Hijama and Pain Relief

Hijama can be mildly uncomfortable but rarely painful. It looks worse than it feels. Hijama can even be relaxing. Then negative pressure (suction) feels like slight pinching sensation, While the incisions feel like minor scratches or even feel like someone is touching you with the tip of a pen. Most people are pleased to discover how tolerable Hijama is. It may feel ticklish for some. 

There are multiple different theories for why Hijama soothes pains and numerous different mechanisms for achieving this soothing effect, by impacting pain mediators. Hijama can be deeply relaxing and help dispel anxiety, stress, and depression. 

Using numbing cream on Hijama points is not needed as it could disrupt many of the biomechanics of Hijama through Vasoconstriction for example. It is also unnecessary as the preceding dry cupping, when done correctly, numbs up the incision points.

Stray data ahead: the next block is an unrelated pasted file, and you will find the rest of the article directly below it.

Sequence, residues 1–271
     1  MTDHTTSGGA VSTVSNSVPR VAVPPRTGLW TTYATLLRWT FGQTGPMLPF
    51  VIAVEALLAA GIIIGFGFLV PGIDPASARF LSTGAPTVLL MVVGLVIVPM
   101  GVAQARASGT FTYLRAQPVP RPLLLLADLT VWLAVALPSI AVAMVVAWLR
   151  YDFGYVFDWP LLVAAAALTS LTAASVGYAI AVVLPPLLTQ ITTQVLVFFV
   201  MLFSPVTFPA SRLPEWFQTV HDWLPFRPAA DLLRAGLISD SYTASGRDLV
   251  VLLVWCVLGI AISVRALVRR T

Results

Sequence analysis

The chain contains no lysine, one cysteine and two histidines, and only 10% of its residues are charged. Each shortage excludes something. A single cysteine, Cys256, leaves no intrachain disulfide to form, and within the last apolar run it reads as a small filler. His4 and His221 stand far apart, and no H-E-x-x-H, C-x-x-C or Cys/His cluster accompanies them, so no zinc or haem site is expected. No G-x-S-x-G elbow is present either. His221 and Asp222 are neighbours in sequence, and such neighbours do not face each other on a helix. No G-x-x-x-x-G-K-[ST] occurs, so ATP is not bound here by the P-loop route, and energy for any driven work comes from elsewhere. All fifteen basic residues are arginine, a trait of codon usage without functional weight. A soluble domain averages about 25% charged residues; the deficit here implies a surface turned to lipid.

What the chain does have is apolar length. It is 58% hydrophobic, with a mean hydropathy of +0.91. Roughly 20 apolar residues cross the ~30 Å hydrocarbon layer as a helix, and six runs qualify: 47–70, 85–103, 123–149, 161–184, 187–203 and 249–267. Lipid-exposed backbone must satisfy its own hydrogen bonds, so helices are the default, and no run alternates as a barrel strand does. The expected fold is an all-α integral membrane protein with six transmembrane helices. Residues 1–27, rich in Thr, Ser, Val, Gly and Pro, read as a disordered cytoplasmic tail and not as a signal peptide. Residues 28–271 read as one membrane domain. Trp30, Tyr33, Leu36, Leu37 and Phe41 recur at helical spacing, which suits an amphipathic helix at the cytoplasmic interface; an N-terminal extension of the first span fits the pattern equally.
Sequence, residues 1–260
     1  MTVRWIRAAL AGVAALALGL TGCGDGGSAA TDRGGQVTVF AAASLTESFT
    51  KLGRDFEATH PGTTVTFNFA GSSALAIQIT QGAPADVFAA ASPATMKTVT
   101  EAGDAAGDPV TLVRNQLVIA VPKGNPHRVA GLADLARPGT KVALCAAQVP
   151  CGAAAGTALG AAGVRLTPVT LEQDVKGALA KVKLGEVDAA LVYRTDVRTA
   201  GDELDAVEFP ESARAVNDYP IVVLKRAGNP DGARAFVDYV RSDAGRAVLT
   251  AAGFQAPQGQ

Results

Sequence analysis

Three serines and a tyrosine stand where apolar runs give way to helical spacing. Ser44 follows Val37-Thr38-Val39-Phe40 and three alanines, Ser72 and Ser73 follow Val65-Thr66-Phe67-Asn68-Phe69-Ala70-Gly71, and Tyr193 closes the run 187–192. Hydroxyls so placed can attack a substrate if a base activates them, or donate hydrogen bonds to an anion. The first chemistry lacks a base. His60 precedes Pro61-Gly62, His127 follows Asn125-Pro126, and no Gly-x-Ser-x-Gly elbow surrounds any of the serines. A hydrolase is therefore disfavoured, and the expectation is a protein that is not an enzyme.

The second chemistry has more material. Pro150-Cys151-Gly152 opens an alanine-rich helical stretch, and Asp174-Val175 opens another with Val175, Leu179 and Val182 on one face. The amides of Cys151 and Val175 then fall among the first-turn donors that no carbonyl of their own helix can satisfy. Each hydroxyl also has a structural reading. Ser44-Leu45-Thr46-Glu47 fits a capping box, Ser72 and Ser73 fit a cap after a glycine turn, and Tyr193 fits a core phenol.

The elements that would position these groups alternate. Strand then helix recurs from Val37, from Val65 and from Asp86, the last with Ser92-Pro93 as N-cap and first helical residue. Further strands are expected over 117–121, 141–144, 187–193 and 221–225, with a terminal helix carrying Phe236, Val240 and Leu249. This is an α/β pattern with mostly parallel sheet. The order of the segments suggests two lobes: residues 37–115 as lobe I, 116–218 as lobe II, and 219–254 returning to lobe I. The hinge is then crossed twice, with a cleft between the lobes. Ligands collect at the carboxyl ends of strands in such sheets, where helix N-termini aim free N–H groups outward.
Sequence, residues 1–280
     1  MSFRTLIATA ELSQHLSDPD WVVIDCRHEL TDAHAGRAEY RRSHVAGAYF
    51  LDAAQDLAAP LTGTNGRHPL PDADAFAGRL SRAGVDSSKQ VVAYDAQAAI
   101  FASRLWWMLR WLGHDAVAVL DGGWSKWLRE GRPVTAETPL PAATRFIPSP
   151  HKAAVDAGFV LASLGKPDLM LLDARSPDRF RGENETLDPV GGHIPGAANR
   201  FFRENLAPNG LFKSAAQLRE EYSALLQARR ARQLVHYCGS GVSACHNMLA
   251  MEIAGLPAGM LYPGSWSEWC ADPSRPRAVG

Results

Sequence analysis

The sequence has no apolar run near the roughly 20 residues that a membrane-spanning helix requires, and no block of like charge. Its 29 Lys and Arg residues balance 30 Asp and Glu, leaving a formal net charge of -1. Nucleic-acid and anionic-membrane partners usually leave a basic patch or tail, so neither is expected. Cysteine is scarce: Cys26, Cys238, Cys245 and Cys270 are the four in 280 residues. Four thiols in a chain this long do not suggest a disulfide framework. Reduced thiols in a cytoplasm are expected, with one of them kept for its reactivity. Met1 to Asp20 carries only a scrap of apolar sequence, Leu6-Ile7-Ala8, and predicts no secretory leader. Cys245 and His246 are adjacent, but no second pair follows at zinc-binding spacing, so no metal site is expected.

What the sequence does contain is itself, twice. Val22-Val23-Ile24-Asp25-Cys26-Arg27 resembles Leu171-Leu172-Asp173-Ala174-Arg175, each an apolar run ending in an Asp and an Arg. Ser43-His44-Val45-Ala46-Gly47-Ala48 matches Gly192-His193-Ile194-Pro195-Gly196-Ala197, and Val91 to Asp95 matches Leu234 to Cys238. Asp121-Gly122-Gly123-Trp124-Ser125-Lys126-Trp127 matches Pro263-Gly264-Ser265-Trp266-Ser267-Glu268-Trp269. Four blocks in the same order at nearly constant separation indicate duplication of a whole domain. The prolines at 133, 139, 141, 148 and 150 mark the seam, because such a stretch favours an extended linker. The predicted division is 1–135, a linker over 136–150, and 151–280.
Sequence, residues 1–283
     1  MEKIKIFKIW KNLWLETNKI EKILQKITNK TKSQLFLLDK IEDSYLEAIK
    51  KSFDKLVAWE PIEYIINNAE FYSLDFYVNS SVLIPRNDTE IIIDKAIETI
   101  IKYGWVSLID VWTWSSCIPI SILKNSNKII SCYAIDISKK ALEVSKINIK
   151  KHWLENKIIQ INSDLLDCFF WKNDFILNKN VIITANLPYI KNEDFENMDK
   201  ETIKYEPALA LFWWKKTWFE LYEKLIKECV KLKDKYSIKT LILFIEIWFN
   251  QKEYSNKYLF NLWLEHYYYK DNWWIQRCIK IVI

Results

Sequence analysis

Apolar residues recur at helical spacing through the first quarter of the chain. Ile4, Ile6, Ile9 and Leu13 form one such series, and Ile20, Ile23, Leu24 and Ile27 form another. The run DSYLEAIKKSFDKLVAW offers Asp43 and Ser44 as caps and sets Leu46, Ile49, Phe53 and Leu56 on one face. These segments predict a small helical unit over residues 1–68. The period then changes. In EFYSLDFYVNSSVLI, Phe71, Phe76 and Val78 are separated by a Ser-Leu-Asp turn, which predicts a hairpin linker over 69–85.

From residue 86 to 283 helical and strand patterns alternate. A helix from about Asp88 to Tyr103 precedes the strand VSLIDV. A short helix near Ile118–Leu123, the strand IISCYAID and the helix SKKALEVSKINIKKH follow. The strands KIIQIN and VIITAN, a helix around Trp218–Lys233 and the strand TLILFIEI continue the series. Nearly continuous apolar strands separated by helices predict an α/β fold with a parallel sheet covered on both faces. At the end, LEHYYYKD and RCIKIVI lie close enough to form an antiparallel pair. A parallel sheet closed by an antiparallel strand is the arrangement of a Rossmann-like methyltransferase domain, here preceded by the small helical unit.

In reality, the mild pain caused by Hijama can reduce acute pain and this is why we avoid pain medicine when we do Hijama. The mild pain of Hijama, stimulates the release of Opiorphin and Endorphins. The pain gate control theory asserts that non-painful input closes the nerve “gates” to painful input, which prevents pain sensation from traveling to the central nervous system. This is how Hijama modulates the pain signal. For example, the mild pain of Hijama helps numb the acute pain of Sciatica.

The negative pressure of Hijama, along with the incisions, help improve blood circulation. Healthy blood loaded with Oxygen and nutrients relieves the pain triggered by Hypoxia. Therefore, Hijama helps break the pain cycle and reduce pain sensations and even override pain signals. But Hijama’s goal is never to mask or cover the pain. It addresses the root cause of pain as Hijama facilitates the drainage of Causative Pathological Substances CPS. CPS include both disease-causing substances and disease-related substances resulting during disease pathogenesis.